Aston Martin DB12 debuts – 680 PS/800 Nm V8, 0-96 km/h in 3.5s, 323 km/h; all-new in-house infotainment – paultan.org
The Aston Martin DB12 has made its debut to succeed the DB11 that was introduced in 2016, and now the DB12 arrives to mark “a new era for Aston Martin as the first of its next-generation supercars,” according to the British marque.
The bonded aluminium structure of the DB12 achieves a 7% increase in torsional stiffness through a range of changes to its underbody components, including the engine cross brace, front and rear undertrays, the front crossmember and rear bulkhead.
The improvements have been focused on torsional rigidity and lateral stiffness especially between the front and rear strut towers, offering a more stable platform for the rear axle. These result in improved suspension performance, isolation and refinement, plus improved steering feel and driver connection, says the carmaker.
While its predecessor, the DB11 broke cover with a V12 engine, later adding a V8 to its range, it is the latter configuration that finds a home in the DB12, specifically a 4.0 litre biturbo V8 engine that outputs 680 PS at 6,000 rpm and 800 Nm of torque from 2,750 rpm to 6,000 rpm, the latter an increase by 34% compared to the DB11, says Aston Martin.
Increased outputs from the engine have been achieved with modified cam profiles, revised compression ratios, larger diameter turbochargers and increased cooling from a redesigned cooling system.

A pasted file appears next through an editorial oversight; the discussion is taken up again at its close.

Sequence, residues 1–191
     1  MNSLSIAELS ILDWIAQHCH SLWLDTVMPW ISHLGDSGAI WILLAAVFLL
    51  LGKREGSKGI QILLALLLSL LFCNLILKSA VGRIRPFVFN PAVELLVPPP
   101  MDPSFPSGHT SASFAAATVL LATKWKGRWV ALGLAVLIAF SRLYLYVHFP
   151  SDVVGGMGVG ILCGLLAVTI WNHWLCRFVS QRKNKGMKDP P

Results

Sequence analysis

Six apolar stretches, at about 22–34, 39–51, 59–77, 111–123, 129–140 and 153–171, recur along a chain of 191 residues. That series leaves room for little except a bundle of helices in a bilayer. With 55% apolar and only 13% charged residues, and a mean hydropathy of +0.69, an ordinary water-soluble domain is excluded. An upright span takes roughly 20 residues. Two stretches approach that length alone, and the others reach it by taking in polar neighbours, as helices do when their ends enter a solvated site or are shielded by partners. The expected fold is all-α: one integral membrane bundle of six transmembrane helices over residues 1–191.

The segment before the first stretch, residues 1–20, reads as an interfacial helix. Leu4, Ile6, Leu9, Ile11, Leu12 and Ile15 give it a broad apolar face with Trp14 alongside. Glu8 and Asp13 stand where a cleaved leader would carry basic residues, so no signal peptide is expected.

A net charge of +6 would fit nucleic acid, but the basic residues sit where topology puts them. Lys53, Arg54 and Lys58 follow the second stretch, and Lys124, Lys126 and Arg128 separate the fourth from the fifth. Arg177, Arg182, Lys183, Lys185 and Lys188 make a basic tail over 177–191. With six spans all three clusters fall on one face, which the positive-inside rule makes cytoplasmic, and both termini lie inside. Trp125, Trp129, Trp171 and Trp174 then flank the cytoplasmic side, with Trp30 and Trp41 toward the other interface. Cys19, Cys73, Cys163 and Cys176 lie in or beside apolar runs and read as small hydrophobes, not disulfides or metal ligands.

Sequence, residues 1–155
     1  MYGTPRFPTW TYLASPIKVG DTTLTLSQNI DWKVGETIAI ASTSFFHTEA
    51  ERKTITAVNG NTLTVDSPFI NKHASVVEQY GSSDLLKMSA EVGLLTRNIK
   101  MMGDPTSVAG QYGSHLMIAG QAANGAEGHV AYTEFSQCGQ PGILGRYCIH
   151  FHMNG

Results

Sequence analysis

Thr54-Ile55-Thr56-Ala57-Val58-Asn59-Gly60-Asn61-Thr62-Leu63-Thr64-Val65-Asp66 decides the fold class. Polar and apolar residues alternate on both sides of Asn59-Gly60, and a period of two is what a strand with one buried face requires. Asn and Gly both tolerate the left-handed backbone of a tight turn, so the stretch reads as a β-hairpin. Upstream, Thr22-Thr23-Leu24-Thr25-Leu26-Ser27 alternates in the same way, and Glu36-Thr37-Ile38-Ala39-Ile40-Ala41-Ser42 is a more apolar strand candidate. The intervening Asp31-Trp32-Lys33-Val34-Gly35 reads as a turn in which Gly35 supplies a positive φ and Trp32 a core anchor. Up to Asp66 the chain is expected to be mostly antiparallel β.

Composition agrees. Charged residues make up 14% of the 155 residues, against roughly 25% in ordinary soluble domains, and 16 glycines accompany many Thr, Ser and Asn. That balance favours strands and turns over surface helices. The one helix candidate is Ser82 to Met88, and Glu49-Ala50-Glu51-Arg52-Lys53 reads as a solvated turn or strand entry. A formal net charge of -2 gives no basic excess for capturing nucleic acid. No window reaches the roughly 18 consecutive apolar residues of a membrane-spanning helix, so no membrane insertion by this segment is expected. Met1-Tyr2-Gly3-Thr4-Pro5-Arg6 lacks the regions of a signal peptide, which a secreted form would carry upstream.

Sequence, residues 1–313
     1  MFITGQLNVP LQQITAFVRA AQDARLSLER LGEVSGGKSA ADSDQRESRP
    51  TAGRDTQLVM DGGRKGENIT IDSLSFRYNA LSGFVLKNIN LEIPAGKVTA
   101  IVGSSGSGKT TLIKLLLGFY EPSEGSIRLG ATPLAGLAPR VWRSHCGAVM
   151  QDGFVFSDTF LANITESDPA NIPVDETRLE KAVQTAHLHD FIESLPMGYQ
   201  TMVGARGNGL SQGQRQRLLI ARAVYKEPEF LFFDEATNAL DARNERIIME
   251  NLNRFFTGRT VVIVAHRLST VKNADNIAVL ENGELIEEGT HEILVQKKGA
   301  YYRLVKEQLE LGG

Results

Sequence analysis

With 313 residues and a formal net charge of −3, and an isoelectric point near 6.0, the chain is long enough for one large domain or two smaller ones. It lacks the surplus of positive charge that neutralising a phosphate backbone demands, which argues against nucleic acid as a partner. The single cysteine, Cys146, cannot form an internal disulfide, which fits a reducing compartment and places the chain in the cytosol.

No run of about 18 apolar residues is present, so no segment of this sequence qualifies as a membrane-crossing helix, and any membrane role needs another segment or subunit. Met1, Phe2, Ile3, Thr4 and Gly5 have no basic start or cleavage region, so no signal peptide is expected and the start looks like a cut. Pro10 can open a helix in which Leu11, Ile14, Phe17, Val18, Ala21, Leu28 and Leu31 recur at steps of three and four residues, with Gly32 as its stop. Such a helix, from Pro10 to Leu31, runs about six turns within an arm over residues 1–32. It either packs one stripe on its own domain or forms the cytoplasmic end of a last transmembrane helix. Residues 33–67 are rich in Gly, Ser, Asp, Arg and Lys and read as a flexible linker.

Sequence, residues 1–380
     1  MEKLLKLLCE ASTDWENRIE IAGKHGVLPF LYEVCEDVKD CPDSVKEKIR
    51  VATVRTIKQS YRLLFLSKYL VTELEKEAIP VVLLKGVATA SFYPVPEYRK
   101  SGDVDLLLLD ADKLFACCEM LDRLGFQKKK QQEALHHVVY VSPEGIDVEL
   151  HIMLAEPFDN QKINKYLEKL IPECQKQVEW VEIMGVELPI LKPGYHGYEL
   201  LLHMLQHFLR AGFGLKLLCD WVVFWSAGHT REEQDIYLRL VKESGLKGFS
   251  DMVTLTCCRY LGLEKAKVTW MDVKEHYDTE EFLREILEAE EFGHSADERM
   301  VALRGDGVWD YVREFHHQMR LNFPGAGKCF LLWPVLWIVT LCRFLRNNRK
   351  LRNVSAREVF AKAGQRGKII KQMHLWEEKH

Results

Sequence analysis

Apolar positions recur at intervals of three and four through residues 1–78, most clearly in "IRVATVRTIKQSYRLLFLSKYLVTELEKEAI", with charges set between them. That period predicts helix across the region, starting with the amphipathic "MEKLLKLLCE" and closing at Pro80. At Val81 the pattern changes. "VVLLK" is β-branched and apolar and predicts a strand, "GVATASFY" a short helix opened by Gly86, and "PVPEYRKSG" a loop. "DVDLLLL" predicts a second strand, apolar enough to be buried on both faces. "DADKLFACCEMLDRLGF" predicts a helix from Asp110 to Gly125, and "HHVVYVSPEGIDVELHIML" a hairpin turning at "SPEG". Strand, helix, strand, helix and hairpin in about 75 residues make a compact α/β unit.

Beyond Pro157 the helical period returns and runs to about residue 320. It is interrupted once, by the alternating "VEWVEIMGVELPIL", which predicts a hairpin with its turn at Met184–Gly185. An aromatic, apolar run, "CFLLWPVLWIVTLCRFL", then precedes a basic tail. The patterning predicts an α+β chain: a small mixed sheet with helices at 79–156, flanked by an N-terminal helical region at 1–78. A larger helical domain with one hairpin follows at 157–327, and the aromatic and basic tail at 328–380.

Drive goes to the rear wheels via an eight-speed automatic transmission and an electronic differential, which is linked to the car’s stability control system, enabling adjustment from fully open to 100% locked in milliseconds for maximum response, the carmaker says.
A new generation of adaptive dampers are used in the DB12, with a claimed 500% increase in bandwidth of force distribution and which offer a wider range of control and refinement across its offering of drive mode settings.
Revisions to the electronic power assisted steering (EPAS) feature the use of a non-isolated steering column, offering “pure and uncorrupted” feedback from the road, while the EPAS calibration aims to offer plenty of on-centre feel with a natural rate of response; this is via a constant 13.09:1 ratio rack for 2.4 turns lock-to-lock with variable, speed sensitive assistance.
Braking as standard equipment comes with 400 mm cast-iron disc brakes in front and 360 mm discs at the rear, both featuring grooved and drilled discs.
Compared to the DB11, its brake booster has been retuned for better pedal feedback. a carbon-ceramic brake kit is optional, offering improved braking performance and reduced fade at up to 800°C, while a reduction of 27 kg in unsprung mass compared to the standard brakes offering improved handling and steering response.
Rolling stock is 21-inch forged alloy wheels measuring 9.5J front and 10.5J rear as standard, offered in a five-spoke design in gloss silver, a multi-spoke design in satin platinum, satin black and satin black diamond-turned, a Y-spoke design in satin bronze, satin black and satin diamond-turned finish. Using simulation processes to remove excess mass, these 21-inch wheels are 8 kg lighter than previous 20-inch designs.